Season opening news from all over
Many people were at the Metropolitan Opera last night for the opening-night production of "Das Rheingold."
Manuela Hoelterhoff was there for Bloomberg News.
Anthony Tommasini was there for The New York Times.
Mike Silverman was there for the AP.
The Guardian sent Ed Pilkington.
And The Wall Street Journal took note of a technical malfunction in the final scene.
Edited to add: Let's not forget James Jorden in the New York Post.
Edited to add: Or Martin Bernheimer in the Financial Times. Sorry, Martin.
Even James Levine was there to conduct, which had been a subject of much speculation beforehand.
Me, I was unavoidably detained at the last minute to work on something else, so I will have to weigh in at a later date.
To judge from the above, the consensus so far is modified rapture.
The other big opening I missed recently (again compelled to choose between Plácido Domingo and something else), was Riccardo Muti's debut as music director of the Chicago Symphony last Thursday. All the critics seemed extremely excited about that. Here's word from the New York Times, the Chicago Tribune, the Chicago Sun-Times, Chicago Classical Review.
(read more after the jump)
The New York Philharmonic's season-opening news is less celebratory -- or maybe it is. First, there was the announcement that the Republic of Georgia had cancelled the two planned concerts of the orchestra's upcoming tour at the last minute for lack of money. Seems there wasn't a signed contract. Within a few days, it was announced that the orchestra's president, Zarin Mehta, will leave at the end of the 2011-12 season. That is, he has two more years. (These "step down" announcements in the music world have a whiff of anticlimax when it emerges that the person who has "resigned" is actually sticking around for months and months to come.)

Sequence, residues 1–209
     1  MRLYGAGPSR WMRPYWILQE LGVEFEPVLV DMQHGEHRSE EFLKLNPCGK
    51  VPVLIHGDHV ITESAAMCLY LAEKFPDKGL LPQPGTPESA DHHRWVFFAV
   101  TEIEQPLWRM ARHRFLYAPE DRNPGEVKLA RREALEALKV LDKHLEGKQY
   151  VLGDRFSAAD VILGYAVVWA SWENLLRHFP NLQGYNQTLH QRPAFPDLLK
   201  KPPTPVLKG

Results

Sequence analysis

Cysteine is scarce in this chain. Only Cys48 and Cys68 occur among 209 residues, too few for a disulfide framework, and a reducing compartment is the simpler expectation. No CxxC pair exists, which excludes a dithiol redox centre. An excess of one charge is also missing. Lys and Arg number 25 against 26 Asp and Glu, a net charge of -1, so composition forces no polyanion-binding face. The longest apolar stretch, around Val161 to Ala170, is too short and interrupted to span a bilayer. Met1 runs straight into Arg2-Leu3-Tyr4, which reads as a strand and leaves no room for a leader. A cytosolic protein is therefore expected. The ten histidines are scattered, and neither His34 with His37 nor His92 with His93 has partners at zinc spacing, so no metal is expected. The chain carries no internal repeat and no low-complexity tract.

One opening I did see, while I was in California, was the first program of the Pacific Symphony's season (actually, I saw it on Friday, the second night). The Pacific Symphony is a still-new orchestra (this is its 32nd season), and pays its players by the service rather than an annual salary, so I was thinking "regional," but Friday's concert happily outstripped expectations (the elegant, still-new Segerstrom Concert hall didn't hurt). What I heard was a good, sound, bright orchestra with a lot of zip, thanks in part to the energetic conductor Carl St. Clair. Most striking: everyone appeared to be having fun. Jon Kimura Parker played a very respectable Tchaikovsky First Piano Concerto, and by the end he had actually risen from his seat as if carried away by the excitement, bounding up to the conductor with a huge grin on his face. There followed a rich, lovely Brahms Second, and though I had to drive back to L.A. to catch an early plane, I couldn't tear myself away. I left musing on whether being free of a long tradition and the weight of expectations helped confer a certain lightness on the performance; there was a quality of excitement about the whole evening, an idea that something really worthwhile had happened, that I don't always get at orchestral concerts. Brahms may not be "fun" per se, but there's something to be said for playing it as if you were excited about playing it. (My colleague Tim Mangan, in the Orange County Register, who of course knows the orchestra far better than I, was less thrilled.)
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